NIST Time|NIST Home|About NIST|Contact NIST

HomeAll Years:AuthorKeywordTitle2005-2010:AuthorKeywordTitle

Aerosol Dynamic Processes of Soot Aggregates in a Laminar Ethene Diffusion Flame.


pdf icon Aerosol Dynamic Processes of Soot Aggregates in a Laminar Ethene Diffusion Flame. (1120 K)
Puri, R.; Richardson, T. F.; Santoro, R. J.; Dobbins, R. A.

Combustion and Flame, Vol. 92, No. 3, 320-333, February 1993.

Sponsor:

National Institute of Standards and Technology, Gaithersburg, MD
Pennsylvania State Univ., University Park
Brown Univ., Providence, RI
Air Force Office of Scientific Research, Fort Monmouth, NJ

Keywords:

diffusion flames; laminar flames; aerosols; soot; data analysis; soot aggregates

Abstract:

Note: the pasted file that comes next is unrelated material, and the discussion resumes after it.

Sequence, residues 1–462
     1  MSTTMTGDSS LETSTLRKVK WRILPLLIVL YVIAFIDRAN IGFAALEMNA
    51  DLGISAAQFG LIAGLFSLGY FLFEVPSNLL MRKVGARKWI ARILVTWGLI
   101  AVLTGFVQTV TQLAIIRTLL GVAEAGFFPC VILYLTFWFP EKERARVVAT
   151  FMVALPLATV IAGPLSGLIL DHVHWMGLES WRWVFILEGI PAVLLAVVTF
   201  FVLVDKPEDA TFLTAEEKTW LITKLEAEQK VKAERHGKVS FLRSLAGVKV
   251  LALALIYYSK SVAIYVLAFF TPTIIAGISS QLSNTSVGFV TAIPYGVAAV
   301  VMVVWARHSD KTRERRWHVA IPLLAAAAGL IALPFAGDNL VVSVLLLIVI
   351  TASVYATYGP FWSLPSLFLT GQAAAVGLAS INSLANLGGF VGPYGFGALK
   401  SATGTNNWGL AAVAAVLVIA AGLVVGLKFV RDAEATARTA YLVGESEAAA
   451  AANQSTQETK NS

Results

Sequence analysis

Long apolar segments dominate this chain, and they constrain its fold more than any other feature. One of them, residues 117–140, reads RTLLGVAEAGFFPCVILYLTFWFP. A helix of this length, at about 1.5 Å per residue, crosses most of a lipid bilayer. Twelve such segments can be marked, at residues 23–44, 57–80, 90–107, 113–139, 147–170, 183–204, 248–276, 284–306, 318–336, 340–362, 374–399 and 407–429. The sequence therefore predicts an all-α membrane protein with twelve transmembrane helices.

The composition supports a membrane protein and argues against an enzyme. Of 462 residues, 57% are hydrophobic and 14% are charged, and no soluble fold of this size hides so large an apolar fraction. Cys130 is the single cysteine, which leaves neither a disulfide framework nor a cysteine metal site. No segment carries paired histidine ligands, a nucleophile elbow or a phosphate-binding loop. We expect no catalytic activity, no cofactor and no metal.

Laser scattering/extinction tests on a coannular ethene diffusion flame were analyzed using cross sections for polydisperse aggregates. Using an improved experimental arrangement that allowed simultaneous measurement of light scattering at multiple angles, it was possible to determine the fractal dimension of the aggregates in the flame. The analysis also yields the mean-square radius of gyration, the aggregate number concentration, the average number of primary particles per aggregate, as well as the volume average of the volume-mean diameter as a function of height of residence time along the particle path of maximum soot concentration in this flame. These results lead to the conclusion that soot aerosol dynamic processes in the laminar ethene flame are partitioned into four regions. Low in the diffusion flame there is a region of particle inception that establishes the number of primary particles per unit volume that remains constant along a prescribed soot pathline. In the second region, there is sustained particle growth through the combined action of cluster-cluster aggregation (CCA) accompanied by heterogeneous reactions contributing to monomer-cluster growth. Oxidation processes occur in the third region where CCA continues. If aggregate burnout is not complete in the oxidation region, then smoke is released to the surroundings in the fourth region where reactions cease but clusters continue to grow by CCA. The experiments yield the CCA growth rate within the flame which compares favorably with the theoretical value. The similarities and differences between this data reduction and the traditional analysis based on the use of cross sections for Rayleigh spheres and Mie theory spheres is discussed.